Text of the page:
|Kurotegumi Kuruwa no Tatehiki
Shinobu-ga-Oka Koi no Kusemono
Edo Zakura Kiyomizu Seigen
|Kawatake Shinshichi II
Takeshiba Genz˘ I
Nagawa Harusuke II
The play "Edo Zakura Kiyomizu Seigen" was staged in Edo in the 3rd lunar month of 1858 at the Ichimuraza. It was a mix of a seigen-sakurahimemono (ichibanme) and a sukerokumono (nibanme) [casting]. This second part was a parody of the famous drama "Sukeroku" written in a more realistic style especially for the actor Ichikawa Kodanji IV, who played the roles of Seigen and Sukeroku. The actor wanted to perform the role of Sukeroku in the eponymous drama but was prevented to do it because of his short size. The drama include a Kiyomoto-accompanied michiyuki which was entitled "Shinobu-ga-Oka Koi no Kusemono" ("Appearing Concealed in the Guise of Love in Shinobu-ga-Oka"). There is a pun in the title as the place name Shinobu-ga-Oka (a real place in Edo/T˘ky˘ near the Shinobazu Pond) can be translated as the Hill of Concealment.
The scenes with the Priest Seigen and Princess Sakura went into oblivion and the scenes with the street-knight Sukeroku and the courtesan Agemaki formed a new play, which was entitled "Kurotegumi Kuruwa no Tatehiki" and was staged for the first time in March 1899 at the Meijiza [casting].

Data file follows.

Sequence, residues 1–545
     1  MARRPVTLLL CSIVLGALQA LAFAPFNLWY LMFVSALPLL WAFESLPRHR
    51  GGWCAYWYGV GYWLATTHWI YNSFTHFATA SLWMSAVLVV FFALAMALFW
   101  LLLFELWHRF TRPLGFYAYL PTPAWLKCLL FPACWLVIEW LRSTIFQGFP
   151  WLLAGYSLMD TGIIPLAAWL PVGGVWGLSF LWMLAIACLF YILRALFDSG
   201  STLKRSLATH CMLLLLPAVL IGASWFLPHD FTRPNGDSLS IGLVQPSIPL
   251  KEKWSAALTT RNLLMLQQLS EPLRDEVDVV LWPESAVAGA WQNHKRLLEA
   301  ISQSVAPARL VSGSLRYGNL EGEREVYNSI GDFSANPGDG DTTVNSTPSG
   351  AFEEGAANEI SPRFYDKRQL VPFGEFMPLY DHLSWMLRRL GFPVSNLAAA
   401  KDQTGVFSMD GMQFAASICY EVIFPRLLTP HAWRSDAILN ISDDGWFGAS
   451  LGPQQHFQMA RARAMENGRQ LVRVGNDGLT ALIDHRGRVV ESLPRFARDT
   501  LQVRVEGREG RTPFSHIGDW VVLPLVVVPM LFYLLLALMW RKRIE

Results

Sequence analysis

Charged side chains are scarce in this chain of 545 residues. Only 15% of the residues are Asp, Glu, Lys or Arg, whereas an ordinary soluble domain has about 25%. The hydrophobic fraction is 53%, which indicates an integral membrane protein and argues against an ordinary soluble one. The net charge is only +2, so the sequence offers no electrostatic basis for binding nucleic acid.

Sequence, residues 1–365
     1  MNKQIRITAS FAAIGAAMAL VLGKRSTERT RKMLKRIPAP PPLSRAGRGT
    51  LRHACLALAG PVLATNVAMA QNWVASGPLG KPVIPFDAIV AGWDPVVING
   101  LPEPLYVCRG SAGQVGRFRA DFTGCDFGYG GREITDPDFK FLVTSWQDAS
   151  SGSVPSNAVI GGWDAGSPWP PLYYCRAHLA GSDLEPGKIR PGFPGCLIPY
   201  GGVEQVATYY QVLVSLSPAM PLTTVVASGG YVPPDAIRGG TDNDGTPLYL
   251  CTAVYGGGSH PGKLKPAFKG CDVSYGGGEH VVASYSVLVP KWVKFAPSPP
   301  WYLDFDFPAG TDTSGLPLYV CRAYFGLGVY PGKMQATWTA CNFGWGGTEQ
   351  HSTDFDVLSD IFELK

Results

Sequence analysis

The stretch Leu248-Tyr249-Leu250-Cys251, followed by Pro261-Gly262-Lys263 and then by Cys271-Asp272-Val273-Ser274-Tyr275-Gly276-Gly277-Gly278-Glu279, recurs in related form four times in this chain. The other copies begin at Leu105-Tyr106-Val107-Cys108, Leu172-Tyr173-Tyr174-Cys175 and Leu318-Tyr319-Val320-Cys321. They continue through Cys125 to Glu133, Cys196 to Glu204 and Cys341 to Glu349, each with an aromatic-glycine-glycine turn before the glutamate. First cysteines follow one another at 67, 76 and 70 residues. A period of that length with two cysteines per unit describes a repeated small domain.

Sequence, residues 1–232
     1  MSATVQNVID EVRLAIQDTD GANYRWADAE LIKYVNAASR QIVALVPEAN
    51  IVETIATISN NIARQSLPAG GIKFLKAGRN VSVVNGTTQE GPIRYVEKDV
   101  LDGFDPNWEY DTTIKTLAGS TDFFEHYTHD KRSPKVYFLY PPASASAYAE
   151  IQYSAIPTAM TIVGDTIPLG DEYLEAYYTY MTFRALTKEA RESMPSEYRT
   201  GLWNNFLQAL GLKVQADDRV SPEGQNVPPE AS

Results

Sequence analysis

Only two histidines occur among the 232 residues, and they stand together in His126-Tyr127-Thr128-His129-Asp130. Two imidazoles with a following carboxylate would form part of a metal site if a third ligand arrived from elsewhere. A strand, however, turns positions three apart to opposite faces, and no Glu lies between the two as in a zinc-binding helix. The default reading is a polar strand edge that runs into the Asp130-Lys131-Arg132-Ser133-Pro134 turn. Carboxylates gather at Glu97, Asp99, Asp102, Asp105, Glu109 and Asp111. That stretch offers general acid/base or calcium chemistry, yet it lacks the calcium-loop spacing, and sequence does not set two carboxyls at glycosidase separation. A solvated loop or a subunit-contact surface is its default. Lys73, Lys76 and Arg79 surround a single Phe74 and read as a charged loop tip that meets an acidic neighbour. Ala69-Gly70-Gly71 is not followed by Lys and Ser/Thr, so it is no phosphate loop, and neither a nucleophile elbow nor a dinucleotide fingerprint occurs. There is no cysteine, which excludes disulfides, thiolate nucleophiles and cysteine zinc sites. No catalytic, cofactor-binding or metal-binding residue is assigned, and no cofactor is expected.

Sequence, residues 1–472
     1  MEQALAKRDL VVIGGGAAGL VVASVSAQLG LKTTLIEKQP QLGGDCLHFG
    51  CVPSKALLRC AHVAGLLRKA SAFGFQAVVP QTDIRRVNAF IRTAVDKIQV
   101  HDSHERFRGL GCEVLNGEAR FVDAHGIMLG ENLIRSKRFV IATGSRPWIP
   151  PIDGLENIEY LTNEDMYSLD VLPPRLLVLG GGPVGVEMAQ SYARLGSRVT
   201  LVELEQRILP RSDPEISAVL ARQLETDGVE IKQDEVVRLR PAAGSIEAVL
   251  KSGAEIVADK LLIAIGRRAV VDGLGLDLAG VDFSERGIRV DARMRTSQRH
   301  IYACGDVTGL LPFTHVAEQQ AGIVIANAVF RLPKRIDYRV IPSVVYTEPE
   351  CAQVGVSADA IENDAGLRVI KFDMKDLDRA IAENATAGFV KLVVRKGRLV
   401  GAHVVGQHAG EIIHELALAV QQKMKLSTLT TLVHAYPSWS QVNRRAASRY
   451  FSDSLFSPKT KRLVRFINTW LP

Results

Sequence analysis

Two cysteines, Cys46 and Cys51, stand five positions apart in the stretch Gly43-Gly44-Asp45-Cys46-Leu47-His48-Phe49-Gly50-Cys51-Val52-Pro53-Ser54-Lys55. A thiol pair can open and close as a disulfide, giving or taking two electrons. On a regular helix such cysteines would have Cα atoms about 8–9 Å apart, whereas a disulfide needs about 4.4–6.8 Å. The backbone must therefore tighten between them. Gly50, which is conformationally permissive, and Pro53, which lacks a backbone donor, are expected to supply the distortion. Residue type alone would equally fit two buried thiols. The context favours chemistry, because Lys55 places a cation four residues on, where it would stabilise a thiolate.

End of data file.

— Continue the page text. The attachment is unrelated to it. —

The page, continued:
The current standard version of "Kurotegumi Kuruwa no Tatehiki" is made up of 3 acts (4 scenes).
Ennosuke Shin'enshutsu Jűshű
Act I, Scene 1: Shiratama Gonkur˘
Shiratama, a courtesan belonging to the Miuraya house in the Shin-Yoshiwara pleasures quarter, has fled her kuruwa. Many men have been dispatched to hunt and catch her and bring her back. The gossips say that she has eloped with a man named Ushiwaka Denji.Gonkur˘, the bant˘ of a money-lender, comes furtively to join Shiratama at the place where she is hiding from her pursuers. Gonkur˘ and Shiratama plan is to get away from Edo and settle somewhere far away, just the two of them. The practical Shiratama tells her lover that they will need a lot of money for that purpose. Gonkur˘ shows her a packet of 50 ry˘ which he has stolen from his employer. He holds it out for Shiratama but it is quickly grabbed by someone from behind. Then the unfortunate bant˘ Gonkur˘ is thrown into a nearby pond. Shiratama smiles at the attacker who is none other than Ushiwaka Denji. She congratulates him on a job well done. They had planned it all out beforehand, and everything has worked out perfectly. Unfortunately for the elopers, the pursuers close in on them. Denji can escape but Shiratama is dragged back to the kuruwa.